Makes: 3 small baguettes

If you’re looking for something to do while it’s bitterly cold outside, here’s a 4-hour project with a delicious result! Sometimes I stumble across a recipe that just looks unbelievable enough (this can’t work, or taste good) to make me want to try it. Such was the case with the 4-hour baguette recipe I found on the Food52 website. Since I’m not a baker, especially of bread, this was even more laughable, but one Sunday I threw down the flour and yeast and went to work.


  • 1 ½ cups (12 ounces) tap water, heated to 115°
  • 1 teaspoon ( ⅛ ounce) active dry yeast
  • ½ teaspoon sugar
  • 3 ¼ cups (14 ⅔ ounces) all-purpose flour
  • 2 teaspoons ( ⅜ ounces) Diamond Crystal kosher salt (note: if using a fine-grained salt like table salt, fine sea salt or other brands of kosher salt, you will need to use a smaller volume)
  • Vegetable oil, for greasing bowl
  • ½ cup ice cubes


1Whisk together water, yeast and sugar in a large bowl; let sit until yeast is foamy, about 10 minutes. Add flour, and stir with a fork until dough forms and all flour is absorbed; let dough sit to allow flour to hydrate, about 20 minutes. Add salt, then transfer dough to a lightly floured work surface, and knead until smooth and elastic, about 10 minutes. Transfer dough ball to a lightly greased bowl, cover bowl with plastic wrap, and place bowl in a cold oven or microwave. Let dough rest until doubled in size, about 45 minutes.

2Transfer dough to a lightly floured work surface, and shape into an 8-inch x 6-inch rectangle. Fold the 8-inch sides toward the middle, then fold the shorter sides toward the center, like a T-shirt. Return dough, seam side down, to the bowl. Cover with plastic again, and return to oven. Let sit until doubled in size, about 1 hour.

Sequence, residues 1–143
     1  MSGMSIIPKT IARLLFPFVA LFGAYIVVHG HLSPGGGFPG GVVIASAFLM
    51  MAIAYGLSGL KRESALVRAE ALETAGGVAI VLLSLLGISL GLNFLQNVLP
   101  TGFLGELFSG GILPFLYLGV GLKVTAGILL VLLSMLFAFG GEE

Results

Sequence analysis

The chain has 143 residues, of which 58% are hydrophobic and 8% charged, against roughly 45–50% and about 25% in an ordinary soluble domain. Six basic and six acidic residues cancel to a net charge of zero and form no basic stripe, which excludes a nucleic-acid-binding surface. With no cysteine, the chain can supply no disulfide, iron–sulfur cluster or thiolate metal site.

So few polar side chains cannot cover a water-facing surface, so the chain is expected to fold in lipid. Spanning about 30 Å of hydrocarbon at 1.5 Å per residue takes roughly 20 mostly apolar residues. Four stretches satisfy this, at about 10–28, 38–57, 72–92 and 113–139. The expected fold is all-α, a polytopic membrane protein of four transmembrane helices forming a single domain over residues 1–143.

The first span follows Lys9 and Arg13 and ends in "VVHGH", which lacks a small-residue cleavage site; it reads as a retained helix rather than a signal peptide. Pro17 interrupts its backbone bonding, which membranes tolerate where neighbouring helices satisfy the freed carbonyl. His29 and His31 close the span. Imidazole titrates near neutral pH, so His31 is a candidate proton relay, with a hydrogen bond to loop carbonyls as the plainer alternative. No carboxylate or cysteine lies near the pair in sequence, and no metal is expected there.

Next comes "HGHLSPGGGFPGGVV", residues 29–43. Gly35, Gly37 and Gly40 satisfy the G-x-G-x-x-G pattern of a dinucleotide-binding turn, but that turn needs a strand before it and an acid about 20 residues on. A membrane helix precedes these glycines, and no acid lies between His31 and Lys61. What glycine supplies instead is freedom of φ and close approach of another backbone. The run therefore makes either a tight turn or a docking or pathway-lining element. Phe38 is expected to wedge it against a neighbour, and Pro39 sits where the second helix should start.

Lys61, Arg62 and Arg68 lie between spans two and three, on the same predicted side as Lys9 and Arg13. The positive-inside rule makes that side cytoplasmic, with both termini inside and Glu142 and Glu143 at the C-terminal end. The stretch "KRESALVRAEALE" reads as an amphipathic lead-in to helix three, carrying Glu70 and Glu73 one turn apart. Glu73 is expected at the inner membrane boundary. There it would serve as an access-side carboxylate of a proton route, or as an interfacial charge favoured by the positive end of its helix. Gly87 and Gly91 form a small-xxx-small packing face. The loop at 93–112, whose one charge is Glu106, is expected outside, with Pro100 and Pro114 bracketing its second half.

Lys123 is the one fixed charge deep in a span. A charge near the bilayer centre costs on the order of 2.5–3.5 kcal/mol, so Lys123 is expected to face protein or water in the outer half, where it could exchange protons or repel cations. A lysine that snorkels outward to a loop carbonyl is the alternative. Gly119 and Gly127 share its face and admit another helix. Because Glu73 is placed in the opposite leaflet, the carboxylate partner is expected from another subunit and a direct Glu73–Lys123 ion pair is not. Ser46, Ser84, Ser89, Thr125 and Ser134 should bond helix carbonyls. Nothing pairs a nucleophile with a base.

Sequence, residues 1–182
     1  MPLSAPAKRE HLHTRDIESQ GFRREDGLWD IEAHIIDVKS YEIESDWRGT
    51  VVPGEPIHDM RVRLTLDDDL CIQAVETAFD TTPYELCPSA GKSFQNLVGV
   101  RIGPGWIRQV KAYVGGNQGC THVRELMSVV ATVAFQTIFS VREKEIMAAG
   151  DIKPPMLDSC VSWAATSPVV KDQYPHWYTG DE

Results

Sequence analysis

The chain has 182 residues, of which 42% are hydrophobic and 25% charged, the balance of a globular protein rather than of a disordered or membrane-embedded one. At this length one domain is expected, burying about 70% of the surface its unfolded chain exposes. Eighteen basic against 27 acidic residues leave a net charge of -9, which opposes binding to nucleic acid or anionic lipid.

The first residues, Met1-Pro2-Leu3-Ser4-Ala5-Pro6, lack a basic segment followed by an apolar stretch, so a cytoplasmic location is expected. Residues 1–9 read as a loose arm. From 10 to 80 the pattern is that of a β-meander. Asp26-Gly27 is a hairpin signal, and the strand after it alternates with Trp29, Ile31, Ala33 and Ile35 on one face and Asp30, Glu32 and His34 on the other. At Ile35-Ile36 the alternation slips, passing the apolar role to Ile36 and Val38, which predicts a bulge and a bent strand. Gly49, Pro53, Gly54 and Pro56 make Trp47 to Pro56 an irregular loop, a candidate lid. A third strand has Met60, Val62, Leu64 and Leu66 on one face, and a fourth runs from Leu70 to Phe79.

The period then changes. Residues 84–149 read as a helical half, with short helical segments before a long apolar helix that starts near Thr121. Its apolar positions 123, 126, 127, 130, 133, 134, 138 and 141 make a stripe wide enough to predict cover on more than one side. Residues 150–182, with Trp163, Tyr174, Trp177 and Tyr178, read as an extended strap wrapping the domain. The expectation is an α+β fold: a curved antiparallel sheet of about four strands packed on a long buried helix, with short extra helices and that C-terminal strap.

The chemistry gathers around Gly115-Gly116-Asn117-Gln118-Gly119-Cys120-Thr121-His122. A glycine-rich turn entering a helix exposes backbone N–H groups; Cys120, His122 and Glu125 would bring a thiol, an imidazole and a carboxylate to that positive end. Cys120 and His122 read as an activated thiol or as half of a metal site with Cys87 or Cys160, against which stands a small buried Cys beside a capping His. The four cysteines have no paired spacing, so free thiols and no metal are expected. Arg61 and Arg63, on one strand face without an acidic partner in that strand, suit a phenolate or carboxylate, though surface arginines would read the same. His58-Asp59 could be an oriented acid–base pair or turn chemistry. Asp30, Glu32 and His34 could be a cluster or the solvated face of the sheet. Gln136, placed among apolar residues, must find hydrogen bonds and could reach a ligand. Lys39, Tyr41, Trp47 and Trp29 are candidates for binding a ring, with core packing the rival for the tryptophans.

3Remove bowl with dough from oven and place a cast–iron skillet on the bottom rack of oven; position another rack above skillet, and place a baking stone or upside down or rimless sheet pan on it.

4Heat oven to 475° F. Transfer dough to a lightly floured work surface, and cut into three equal pieces; shape each piece into a 14-inch rope. Flour a sheet of parchment paper on a rimless baking sheet; place ropes, evenly spaced, on paper. Lift paper between ropes to form pleats; place two tightly rolled kitchen towels under long edges of paper, creating supports for the loaves. Cover loosely with plastic wrap; let sit until it doubles in size, about 50 minutes.

5Uncover; remove towels, and flatten paper to space out loaves. Using a sharp razor, knife, bread lame or scissors, slash the top of each baguette at a 30–degree angle in four spots; each slash should be about 4 inches long. Pull out the oven rack with the stone or baking sheet on it and, using the corner of the parchment paper as a guide, slide the loaves, still on the parchment paper, onto the baking stone or pan. Place ice cubes in skillet (this produces steam that lets the loaves rise fully before a crust forms). Bake the baguettes until darkly browned and crisp, 20 to 30 minutes; cool before serving.